Navy: Fena site bulldozed during Cold War
The West Fena Lake latte site was partially bulldozed during the Cold War, before federal and local laws protecting historical sites were in place.
That's the response from the Navy to a KUAM News inquiry about an ancient site recently discovered by Guam State Archeologist John Mark Joseph at the Navy's weapons storage base at Fena Lake.
"A collaborative site visit conducted by the State Archaeologist and MCAG Archaeologist to visit boring locations near Lower Kitts Road discovered the latte referenced in the letter in vegetated areas in the surrounding area. Based on preliminary information, one latte set shows disturbance from construction was carried out during the Cold War before the National Historic Preservation Act or other Federal or Guam cultural resources protection law was in place," Naval Facilities Marianas said in a written release.
A June 24 letter from then acting State Historic Preservation Officer Rich Ybanez documented the "partially bulldozed" site. Ybanez further wrote that the West Fena Lake site's eligibility as a National Register of Historic Places was "unquestionable."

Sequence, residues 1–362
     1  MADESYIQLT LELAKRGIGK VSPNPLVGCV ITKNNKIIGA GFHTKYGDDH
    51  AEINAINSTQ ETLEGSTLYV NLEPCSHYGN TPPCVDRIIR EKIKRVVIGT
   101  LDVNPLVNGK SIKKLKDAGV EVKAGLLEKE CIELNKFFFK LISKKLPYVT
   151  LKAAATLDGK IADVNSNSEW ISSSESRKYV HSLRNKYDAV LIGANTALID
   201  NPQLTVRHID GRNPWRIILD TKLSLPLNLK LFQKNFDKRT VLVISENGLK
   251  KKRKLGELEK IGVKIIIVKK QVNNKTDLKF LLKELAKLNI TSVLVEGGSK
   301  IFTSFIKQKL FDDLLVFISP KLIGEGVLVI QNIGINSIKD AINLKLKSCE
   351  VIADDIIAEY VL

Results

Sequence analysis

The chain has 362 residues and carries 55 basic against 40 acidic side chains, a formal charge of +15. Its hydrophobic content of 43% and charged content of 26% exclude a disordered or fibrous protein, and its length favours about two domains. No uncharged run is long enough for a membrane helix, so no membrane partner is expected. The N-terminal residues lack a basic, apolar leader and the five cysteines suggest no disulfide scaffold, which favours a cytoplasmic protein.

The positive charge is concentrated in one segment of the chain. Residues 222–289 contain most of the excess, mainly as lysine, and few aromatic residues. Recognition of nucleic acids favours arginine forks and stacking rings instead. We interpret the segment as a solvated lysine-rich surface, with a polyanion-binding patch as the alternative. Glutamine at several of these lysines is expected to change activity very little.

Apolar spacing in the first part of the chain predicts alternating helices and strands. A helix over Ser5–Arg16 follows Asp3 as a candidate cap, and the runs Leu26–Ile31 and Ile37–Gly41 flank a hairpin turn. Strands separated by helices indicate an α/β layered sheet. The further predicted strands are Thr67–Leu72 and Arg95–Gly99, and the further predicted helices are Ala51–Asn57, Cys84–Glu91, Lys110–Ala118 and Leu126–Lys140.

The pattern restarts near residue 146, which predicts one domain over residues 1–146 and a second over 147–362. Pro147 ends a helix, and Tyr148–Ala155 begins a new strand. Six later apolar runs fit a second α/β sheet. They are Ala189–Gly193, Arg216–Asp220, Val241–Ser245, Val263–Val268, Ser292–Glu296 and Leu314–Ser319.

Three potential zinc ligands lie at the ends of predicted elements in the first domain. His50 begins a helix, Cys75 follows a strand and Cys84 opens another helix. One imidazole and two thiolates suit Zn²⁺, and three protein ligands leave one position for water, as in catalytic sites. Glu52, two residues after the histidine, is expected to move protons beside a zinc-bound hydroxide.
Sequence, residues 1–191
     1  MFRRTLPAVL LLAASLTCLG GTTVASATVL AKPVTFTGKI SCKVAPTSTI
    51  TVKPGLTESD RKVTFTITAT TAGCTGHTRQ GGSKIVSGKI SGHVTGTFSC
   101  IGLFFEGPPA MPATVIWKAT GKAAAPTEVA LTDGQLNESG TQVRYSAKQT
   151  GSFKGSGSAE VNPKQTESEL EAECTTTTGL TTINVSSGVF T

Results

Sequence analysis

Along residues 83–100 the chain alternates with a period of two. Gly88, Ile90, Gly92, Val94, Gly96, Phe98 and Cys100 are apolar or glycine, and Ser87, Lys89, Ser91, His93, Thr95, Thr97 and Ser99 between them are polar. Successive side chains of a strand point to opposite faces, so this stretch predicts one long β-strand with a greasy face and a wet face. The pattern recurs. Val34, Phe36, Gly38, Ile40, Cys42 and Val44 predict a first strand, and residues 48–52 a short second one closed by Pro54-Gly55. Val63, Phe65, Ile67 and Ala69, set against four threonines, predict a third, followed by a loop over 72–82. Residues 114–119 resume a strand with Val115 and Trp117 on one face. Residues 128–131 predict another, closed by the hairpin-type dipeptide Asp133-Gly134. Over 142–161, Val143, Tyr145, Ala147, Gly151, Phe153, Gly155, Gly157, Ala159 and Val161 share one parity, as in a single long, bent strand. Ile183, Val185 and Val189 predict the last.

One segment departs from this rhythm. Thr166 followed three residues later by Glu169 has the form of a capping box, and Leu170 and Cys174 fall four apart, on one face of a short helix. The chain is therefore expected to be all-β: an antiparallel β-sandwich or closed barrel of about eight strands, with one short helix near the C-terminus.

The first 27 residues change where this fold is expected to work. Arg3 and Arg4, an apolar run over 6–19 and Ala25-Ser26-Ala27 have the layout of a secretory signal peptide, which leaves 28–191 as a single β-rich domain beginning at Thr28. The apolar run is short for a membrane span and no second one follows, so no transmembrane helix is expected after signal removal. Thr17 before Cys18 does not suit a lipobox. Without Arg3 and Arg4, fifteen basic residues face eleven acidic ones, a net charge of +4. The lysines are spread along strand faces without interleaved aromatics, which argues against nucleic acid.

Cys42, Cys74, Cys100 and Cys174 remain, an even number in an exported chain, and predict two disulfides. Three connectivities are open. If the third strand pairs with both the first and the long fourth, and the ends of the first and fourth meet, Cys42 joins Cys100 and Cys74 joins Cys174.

"We are in agreement," the Navy's statement reads. "The Navy concurs with the SHPO that research designs and other work plans for intensive archaeological investigations are required and are pleased with the outcome of our close coordination with the SHPO. The Navy looks forward to collaborating with the Guam SHPO to develop preservation options and to respectfully investigate an ancient village in the Fena area in accordance with the 2011 Programmatic Agreement."
The Navy is in the beginning phase of proposed construction for weapons storage facilities at its Fena base, and the public comment period on this construction is open until August 5.
"There is no present construction activity at the Lower Kitts Road vicinity of Naval Base Guam Munitions Site (NBGMS) aka NAVMAG. These areas are distinct from the proposed boring locations specified in PA Memo #1, which are immediately within existing built surfaces and roadways. As a precaution due to known resources in the vicinity, two boreholes will be subject to examination by a Secretary of the
Interior-qualified archaeologist as agreed upon with the SHPO," the response reads.